Amanda talks about the weeks her baby spent in a hospital incubator. Amanda smoked during her pregnancy, and her baby was born two months early. Created: 7/7/2014 by Division of Community Health, National Center for Chronic Disease Prevention and Health Promotion.
Date Released: 7/7/2014. Series Name: Smoking and Tobacco Use.
This program is presented by the Centers for Disease Control and Prevention.
[Amanda] My name is Amanda. I work with women who are trying to quit smoking. And I have some tips for you in case you’re pregnant or thinking about having a baby.
First thing is, keep trying to quit – or better yet, don’t start smoking. It can cause premature birth, which can then increase the risk of your baby having developmental delays, problems with eyesight, breathing, and more. So don’t give up.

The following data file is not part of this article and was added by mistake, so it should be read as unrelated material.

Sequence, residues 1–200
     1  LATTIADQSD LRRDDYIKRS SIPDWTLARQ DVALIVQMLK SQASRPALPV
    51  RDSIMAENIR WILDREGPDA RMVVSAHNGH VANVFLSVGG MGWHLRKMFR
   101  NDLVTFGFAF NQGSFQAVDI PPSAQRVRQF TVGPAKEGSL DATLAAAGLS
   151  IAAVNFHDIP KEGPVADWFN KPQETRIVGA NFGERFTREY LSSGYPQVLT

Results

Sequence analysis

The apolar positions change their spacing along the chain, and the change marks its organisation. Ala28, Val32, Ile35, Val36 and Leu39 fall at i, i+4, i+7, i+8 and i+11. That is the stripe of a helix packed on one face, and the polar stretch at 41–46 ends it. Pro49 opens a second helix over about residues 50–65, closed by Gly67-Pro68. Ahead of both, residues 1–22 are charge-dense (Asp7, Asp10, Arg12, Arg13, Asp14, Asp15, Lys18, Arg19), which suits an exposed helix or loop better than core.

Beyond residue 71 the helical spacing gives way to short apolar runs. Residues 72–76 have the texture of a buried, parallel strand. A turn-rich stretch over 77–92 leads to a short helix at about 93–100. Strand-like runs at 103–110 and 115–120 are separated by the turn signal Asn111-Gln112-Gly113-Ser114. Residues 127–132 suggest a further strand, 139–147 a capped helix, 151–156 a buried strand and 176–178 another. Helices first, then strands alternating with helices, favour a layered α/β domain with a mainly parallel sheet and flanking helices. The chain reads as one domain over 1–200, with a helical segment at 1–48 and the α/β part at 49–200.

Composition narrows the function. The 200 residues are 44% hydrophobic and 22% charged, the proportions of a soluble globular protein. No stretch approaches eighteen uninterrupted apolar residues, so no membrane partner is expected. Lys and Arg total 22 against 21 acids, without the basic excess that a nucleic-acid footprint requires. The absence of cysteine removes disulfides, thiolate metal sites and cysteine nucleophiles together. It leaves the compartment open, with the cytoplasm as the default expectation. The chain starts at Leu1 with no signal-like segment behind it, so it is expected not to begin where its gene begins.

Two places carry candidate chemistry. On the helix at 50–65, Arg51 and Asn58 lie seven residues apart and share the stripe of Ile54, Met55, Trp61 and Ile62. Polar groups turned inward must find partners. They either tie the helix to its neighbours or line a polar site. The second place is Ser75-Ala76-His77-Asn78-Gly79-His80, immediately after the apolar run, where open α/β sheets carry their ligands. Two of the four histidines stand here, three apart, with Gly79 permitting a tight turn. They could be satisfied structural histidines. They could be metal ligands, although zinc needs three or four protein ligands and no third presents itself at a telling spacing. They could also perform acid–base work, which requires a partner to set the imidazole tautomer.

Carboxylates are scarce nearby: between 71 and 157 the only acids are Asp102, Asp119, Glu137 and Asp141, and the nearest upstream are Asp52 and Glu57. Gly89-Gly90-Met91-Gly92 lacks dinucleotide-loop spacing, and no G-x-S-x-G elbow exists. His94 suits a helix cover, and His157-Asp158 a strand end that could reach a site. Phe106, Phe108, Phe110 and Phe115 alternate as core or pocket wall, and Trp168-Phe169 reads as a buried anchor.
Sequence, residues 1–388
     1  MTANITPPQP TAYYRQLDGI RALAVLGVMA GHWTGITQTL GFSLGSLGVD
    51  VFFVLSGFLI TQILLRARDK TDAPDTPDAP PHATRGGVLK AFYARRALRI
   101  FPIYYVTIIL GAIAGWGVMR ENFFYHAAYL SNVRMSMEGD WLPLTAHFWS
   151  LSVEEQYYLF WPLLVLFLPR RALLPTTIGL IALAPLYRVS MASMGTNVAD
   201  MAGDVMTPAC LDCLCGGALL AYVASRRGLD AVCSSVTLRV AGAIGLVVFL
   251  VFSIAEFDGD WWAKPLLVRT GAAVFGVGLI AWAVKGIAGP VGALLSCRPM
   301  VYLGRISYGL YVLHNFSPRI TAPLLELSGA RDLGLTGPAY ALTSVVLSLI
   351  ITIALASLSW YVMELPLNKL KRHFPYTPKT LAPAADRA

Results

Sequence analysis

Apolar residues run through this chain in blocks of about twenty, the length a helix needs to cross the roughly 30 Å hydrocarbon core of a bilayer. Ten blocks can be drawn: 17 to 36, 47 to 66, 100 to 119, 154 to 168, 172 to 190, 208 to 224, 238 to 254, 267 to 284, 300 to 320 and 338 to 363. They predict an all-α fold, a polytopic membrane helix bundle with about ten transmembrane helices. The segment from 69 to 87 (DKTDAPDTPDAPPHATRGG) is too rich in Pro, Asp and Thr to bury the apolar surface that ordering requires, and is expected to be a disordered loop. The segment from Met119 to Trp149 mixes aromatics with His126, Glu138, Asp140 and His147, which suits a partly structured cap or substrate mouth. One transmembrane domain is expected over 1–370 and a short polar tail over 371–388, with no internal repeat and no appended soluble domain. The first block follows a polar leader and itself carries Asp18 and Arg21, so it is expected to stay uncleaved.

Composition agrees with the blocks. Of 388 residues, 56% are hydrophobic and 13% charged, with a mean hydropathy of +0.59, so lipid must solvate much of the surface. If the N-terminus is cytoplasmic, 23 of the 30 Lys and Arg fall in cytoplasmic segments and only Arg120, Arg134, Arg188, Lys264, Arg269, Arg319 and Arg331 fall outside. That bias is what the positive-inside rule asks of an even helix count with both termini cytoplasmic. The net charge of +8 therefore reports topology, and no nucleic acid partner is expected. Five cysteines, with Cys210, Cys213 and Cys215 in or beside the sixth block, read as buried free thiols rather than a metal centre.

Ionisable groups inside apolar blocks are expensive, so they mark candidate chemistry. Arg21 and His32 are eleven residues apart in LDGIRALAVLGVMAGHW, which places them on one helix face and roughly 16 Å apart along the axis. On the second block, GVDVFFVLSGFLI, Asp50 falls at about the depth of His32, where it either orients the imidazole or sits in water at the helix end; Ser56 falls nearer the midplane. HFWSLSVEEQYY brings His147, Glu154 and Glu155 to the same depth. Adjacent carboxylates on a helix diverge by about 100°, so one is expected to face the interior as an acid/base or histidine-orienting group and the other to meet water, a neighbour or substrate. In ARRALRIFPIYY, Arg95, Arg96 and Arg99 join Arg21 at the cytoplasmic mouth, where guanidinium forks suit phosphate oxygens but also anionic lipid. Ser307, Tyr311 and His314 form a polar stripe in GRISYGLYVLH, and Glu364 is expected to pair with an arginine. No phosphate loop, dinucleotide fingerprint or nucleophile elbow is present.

There are people like me who are here to support you. Because I know what can happen if you don’t quit.
Your baby could be born two months early and weigh only three pounds. She could be in the NICU for almost a month. Put in an incubator and fed through a feeding tube that goes through her nose down into her little stomach.
I know that— because I smoked while I was pregnant. And that’s what happened to my little baby.
I quit. You can too. For free help, call 1-800-QUIT-NOW.
[Announcer] A message from the U.S. Department of Health and Human Services and CDC.
For the most accurate health information, visit www.cdc.gov or call 1-800-CDC-INFO.